The second is probably the most practical, however it can be difficult to implement. It also is pretty resourceful to run physics simulations on the server. If you have centralized servers you'd probably need to load balance to several machines, maybe allow 10 matches a server, load new matches to the server with the least matches.

The third is definitely the least stressful on the server, and is probably the best solution if you're doing a peer to peer network scheme. As I mentioned it can be hard to sync objects other than your player object because those objects are alterable by other clients also.

I can't tell you which one to use because I don't know how your game works. All I can do is give you the facts. If you have any further questions feel free to comment.

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  • \$\begingroup\$ You suggest that letting clients do its physics is an acceptable solution, but you didn't relate to cheating. \$\endgroup\$ – cubuspl42 May 16 '18 at 12:47
  • \$\begingroup\$ @cubuspl42 For the effort of staying on topic I omitted details. I see fit that the OP can explore the solution further to explore potential ways to mitigate cheating. \$\endgroup\$ – tsturzl May 16 '18 at 17:32
  • \$\begingroup\$ one such way is allowing the deviation of what each client provides to be limited to a threshold. For example, most clients say a given object is at position 5,8 or 6,9 but one reports 12,19 as the coordinate, that might fall out of a threshold compared to how much it deviates from the other clients. This is only a partial solution, but most games only offer partial solutions to cheating, hence why it still happens. This solution doesn't mean they're cheating, but means that their positioning needs to be corrected and would appear as lag to them. \$\endgroup\$ – tsturzl May 16 '18 at 17:43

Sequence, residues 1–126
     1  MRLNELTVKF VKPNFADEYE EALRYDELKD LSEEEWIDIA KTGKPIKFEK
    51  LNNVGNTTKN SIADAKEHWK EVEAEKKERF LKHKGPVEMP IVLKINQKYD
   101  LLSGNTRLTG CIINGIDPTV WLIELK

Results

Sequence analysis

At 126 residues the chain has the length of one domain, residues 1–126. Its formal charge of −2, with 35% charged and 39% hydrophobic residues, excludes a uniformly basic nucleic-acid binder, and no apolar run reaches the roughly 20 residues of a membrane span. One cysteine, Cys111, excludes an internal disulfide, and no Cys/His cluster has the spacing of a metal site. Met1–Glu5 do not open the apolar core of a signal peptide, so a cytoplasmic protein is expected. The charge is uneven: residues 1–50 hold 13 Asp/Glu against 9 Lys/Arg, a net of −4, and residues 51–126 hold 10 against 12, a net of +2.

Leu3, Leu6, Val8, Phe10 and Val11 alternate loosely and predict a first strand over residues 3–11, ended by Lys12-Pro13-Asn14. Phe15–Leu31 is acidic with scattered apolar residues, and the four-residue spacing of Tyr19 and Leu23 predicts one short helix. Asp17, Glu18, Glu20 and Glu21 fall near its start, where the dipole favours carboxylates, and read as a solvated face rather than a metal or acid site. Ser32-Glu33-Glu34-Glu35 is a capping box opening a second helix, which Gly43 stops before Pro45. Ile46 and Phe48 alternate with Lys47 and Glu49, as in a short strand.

• \$\begingroup\$ Well, I slightly disagree. Some types of cheats are fixable, some are not. For example, in my opinion it's a bad game design if one can make a speedhack for a competitive online shooter. Or some crazy hack that allows you to fly around the map with a godmode and infinite ammo (I believe that it happened in Crysis 1 at some point). These are fixable, just design your game correctly. Stuff like wallhack is nearly unfixable (it would require enormous resources from the server). Aimbot is virtually unfixable. Your solution #3 increases the risk of this worst kind of cheats. \$\endgroup\$ – cubuspl42 May 16 '18 at 17:51
  • \$\begingroup\$ @cubuspl42 I think you're missing the idea of what an example is. Option 3 can prevent exactly the issue you're talking about. You'll typically have a TCP which share velocity, and then you can easily check the velocity between clients and form a consensus, you can also do some simple math to determine if coordinates from UDP are plausible given the provided velocity assuming your clients have a synchronized clock(can be established on connection from HW clock). \$\endgroup\$ – tsturzl May 18 '18 at 22:53